If you don't know a child personally, organizations can match you with a child in need of assistance. For example, the nonprofit organization called Divorce Recovery, which is based in Tucson, Ariz., provides support and education to individuals and families that have been involved in a divorce [source: Divorce Recovery]. Although Divorce Recovery serves only certain areas, there are similar organizations elsewhere throughout the United States. You can contact local schools or churches to find a place that allows volunteers to help with children coping with divorce.

Divorce can be a sticky subject, and you should only help children coping with divorce if you feel prepared to do so. There are plenty of options beyond this. Head over to the next page to tackle another particularly difficult situation.

Helping Abused Children

Too many children in the United States have to endure abuse -- even one child suffering is one too many.

Sadly, the occurrence of abuse is much higher than that -- alarmingly so. In the United States, it's estimated that abuse and neglect affect more than 900,000 children each year [source: Saisan]. You might automatically think of the visible bruising and scars that accompany physical abuse, but just as many children are scarred internally from verbal abuse or neglect.

One of the best things you can do for an abused child is to report the abuse. Never assume that it's a one-time occurrence. If you believe you've witnessed or know of child abuse, contact law enforcement as soon as possible. While it's tricky to distinguish abuse, it's better to be safe than sorry.

While detecting and reporting child abuse is vital, it is also just as important to assist with post-abuse trauma. There are thousands of organizations, local and national, that serve to protect abused children. One popular organization is Childhelp, an organization that works to promote child advocacy, abuse prevention and treatment, as well as community outreach [source: Childhelp].

Childhelp focuses on creating child abuse awareness in schools, including ways of recognizing and preventing abuse. The organization advocates talking with your own children about abuse and teaching them how to recognize it and its signs and symptoms. Discussion and awareness are important parts in the process of minimizing child abuse -- doing these simple things could even save a child's life.

There are so many ways to help children - and, sadly, there is never a shortage of children to help. For more information on how you can help, check out the links on the next page.

Related HowStuffWorks Articles

Sources

  • Arc, The. "About Us." (Accessed 4/20/09) http://www.thearc.org/NetCommunity/Page.aspx?pid=1386
  • Albertson, Brittany. Personal Interview. 4/25/09.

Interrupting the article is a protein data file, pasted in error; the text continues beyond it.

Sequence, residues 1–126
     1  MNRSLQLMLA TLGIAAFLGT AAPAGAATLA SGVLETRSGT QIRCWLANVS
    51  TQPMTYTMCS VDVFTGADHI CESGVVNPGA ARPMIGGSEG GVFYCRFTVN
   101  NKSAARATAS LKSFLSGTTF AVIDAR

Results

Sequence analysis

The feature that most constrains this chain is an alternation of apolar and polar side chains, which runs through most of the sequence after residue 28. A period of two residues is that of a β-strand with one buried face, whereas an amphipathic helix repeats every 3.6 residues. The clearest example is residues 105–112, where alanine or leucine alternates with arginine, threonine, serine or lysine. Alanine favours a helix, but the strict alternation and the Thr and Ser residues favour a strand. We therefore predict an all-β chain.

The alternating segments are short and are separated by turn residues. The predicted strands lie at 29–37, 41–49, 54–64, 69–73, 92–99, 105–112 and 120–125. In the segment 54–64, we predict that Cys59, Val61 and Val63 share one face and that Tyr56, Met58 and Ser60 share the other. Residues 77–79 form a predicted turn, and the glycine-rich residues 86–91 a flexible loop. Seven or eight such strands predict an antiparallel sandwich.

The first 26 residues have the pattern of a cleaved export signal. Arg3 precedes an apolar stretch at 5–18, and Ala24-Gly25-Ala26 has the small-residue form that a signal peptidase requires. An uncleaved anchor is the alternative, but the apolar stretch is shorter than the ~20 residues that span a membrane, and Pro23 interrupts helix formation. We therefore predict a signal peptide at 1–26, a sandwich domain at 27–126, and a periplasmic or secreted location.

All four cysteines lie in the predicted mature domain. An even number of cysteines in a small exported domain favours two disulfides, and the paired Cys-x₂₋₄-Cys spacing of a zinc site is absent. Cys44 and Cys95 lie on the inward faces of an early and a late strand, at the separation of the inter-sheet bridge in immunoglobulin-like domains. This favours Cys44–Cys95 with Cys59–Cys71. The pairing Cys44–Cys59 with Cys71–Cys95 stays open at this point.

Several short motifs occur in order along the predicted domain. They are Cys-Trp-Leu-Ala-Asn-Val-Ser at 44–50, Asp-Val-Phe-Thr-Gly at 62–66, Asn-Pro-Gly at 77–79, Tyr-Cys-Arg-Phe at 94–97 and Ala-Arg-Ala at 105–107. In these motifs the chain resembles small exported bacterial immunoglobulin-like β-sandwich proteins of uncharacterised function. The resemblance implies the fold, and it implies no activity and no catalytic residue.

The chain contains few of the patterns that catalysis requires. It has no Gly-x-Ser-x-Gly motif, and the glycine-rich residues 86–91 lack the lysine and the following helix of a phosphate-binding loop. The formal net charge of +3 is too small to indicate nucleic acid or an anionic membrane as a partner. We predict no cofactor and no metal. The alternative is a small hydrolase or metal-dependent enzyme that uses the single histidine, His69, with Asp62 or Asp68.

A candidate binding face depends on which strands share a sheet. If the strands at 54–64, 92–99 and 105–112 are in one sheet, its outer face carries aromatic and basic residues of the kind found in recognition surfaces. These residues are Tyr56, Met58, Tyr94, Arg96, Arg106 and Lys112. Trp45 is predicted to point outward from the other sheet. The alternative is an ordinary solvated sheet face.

• Childhelp. 2009. (Accessed 4/20/09) http://www.childhelp.org
  • Disabled Children's Relief Fund. (Accessed 5/15/09) http://www.dcrf.com/ordereze/default.aspx
  • Divorce Info. "Getting Your Children through Divorce." 2009. (Accessed 4/20/09) http://www.divorceinfo.com/children.htm
  • Divorce Recovery. 2009. (Accessed 4/20/09) http://www.divorcerecovery.net/whoarewe.asp
  • Early Support Programme. "Caring for Someone." 4/20/09. (Accessed 4/20/09) http://www.direct.gov.uk/en/CaringForSomeone/CaringForADisabledChild.htm
  • Feed My Starving Children. 2009. (Accessed 4/20/09) http://www.fmsc.org/Page.aspx?pid=361
  • Feed the Children. 2009. (Accessed 4/20/09) http://www.feedthechildren.org/site/PageServer?pagename=org_us_programs
  • Hillard, Catherine. "Helping Disabled Children Learn an Instrument." Essortment. 2002. (Accessed 4/20/09) http://www.essortment.com/family/helpingdisabled_slyd.htm
  • Leon, Kim. "Helping Children Adjust to Divorce." University of Missouri. 11/1/05. (Accessed 4/20/09) http://extension.missouri.edu/publications/DisplayPub.aspx?P=GH6611
  • Nation Master. "Divorce rate (most recent) by country." (Accessed 4/20/09) http://www.nationmaster.com/graph/peo_div_rat-people-divorce-rate
  • Saisan, Joanna. "Child Abuse and Neglect." HelpGuide.org. 10/1/08. (Accessed 4/20/09) http://www.helpguide.org/mental/child_abuse_physical_emotional_sexual_neglect.htm
  • Teh, Vedis. "Why Online Tutoring is a Better Option For Your Children." Ezine. 4/4/09. (Accessed 4/20/09) http://ezinearticles.com/?Why-Online-Tutoring-is-a-Better-Option-For-Your-Children&id=2182001
  • Trahan, Marcia. "How to Begin Tutoring Children." Associated Content. 2/19/07. (Accessed 4/20/09) http://www.associatedcontent.com/article/147429/how_to_begin_tutoring_children.htm
  • Tutor/Mentor Connection. "Understanding tutor/mentor as family." 4/18/09. (Accessed 4/20/09) http://tutormentor.blogspot.com/
  • Volunteer Match. "Volunteer for Our Children." 2009. (Accessed 4/20/09) http://www.child.net/volunteer.htm